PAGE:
New Research Aimed at Improving Speech for Children with Cerebral Palsy

If you need a reminder of the incredible work that many community members engage in on a daily basis, you need look no further than medical research striving to improve the lives of injured children. For example, one of the leading areas of medical research these days is aimed at children with cerebral palsy. Cerebral palsy is actually a term for a range of injuries affected the brain and development. Most children with CP have some physical manifestations of the injury while other also have cognitive challenges.

There is no “cure” for cerebral palsy, but experts continue to hone in on better therapy and other treatments to minimize some of the adverse consequences.

Recently, news has come in quickly about many different on-going research projects aimed at different aspects of the ailment. Upon reading about these projects, it is easy to get the feeling that we are on the cusp of some truly groundbreaking discoveries and advances in the area which may greatly improve the lives of children with cerebral palsy and their families.

Improving Speech
For example, this week, Medical Express reported on new research aimed at improving speech for these children. The project is just underway, so we should not expect specific results for several months or even years.

As explained in the story, the head researcher on the project is hoping to improve the communication skills of children with CP. The first stage of the research involves analysis of the current speech patterns of these children. The analysis will allow creation of a template to understand the forces which are leading to current difficulties. This is essentially a diagnostic phase–understanding what the problem is so that fixes can be developed later.

More specifically, researchers are trying to determine if the problem is rooted in muscular problems or in cognitive problems. It could be that the muscles which control speech are improperly developed, causing speech abnormalities. Identifying exactly which muscles are not working correctly is the critical first step. Alternatively (or additionally), the issue may be rooted in the brain’s difficulty processing and storing the correct information.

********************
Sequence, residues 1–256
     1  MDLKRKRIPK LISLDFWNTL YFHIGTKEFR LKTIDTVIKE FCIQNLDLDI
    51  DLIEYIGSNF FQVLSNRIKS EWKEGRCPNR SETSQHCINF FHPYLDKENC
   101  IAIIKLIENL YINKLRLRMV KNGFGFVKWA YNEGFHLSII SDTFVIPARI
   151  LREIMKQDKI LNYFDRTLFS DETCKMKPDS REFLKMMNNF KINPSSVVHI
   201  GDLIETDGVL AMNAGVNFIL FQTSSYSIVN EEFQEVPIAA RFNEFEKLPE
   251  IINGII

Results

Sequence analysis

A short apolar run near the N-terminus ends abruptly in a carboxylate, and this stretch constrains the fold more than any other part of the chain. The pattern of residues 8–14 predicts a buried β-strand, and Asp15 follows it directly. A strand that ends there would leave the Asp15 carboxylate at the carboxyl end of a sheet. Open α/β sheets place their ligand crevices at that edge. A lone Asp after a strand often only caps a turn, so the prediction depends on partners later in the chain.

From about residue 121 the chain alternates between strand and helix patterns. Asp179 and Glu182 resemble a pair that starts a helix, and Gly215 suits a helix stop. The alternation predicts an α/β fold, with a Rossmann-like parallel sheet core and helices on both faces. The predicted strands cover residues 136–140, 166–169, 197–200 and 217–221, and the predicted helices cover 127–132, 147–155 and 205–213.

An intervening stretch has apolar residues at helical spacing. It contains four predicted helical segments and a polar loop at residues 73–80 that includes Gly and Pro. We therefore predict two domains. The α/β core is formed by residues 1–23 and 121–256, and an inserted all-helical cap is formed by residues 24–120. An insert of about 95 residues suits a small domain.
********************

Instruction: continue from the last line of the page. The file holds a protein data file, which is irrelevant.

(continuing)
Possible fixes can only be had once the specifics of the problem are nailed down. The research may, for example, allow creation of specialized tools–like voice synthesisers–to account for problems and correct the speech.

The lead researcher summarized the problem as follows: “”Many children with CP have difficulties with speech melody, rhythm and stress. These difficulties, generally referred to as prosodic difficulties, can affect the intelligibility of a child’s speech, and are therefore of great clinical importance.”

Cerebral Palsy Independence
This research project, and many others like it, are all aimed at helping those with cerebral palsy lead more independent lives. As many local families know, the consequences of the condition can be far reaching, with sufferers requiring around the clock care to get by each day. Improving one’s speech can go a long way to allowing the individual much more freedom, and lessening their dependence on others. Few skills are more important than communication, and those with cerebral palsy deserve to have no stone left unturned when it comes to allowing them the ability to interact with others in as efficient a way as possible.

See Other Posts:

New Cerebral Palsy Research Begins with NIH Grant

The Link Between the Infant’s Heart and Brain

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